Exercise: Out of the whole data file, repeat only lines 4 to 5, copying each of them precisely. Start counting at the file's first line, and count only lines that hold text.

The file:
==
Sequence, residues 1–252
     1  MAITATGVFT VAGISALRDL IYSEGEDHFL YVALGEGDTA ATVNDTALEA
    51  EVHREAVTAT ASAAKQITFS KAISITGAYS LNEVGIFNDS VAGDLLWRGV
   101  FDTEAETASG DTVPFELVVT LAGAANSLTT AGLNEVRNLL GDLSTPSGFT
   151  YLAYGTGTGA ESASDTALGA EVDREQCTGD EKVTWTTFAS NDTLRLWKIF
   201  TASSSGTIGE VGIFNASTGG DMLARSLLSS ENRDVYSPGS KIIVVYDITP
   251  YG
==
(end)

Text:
   101  FDTEAETASG DTVPFELVVT LAGAANSLTT AGLNEVRNLL GDLSTPSGFT
   151  YLAYGTGTGA ESASDTALGA EVDREQCTGD EKVTWTTFAS NDTLRLWKIF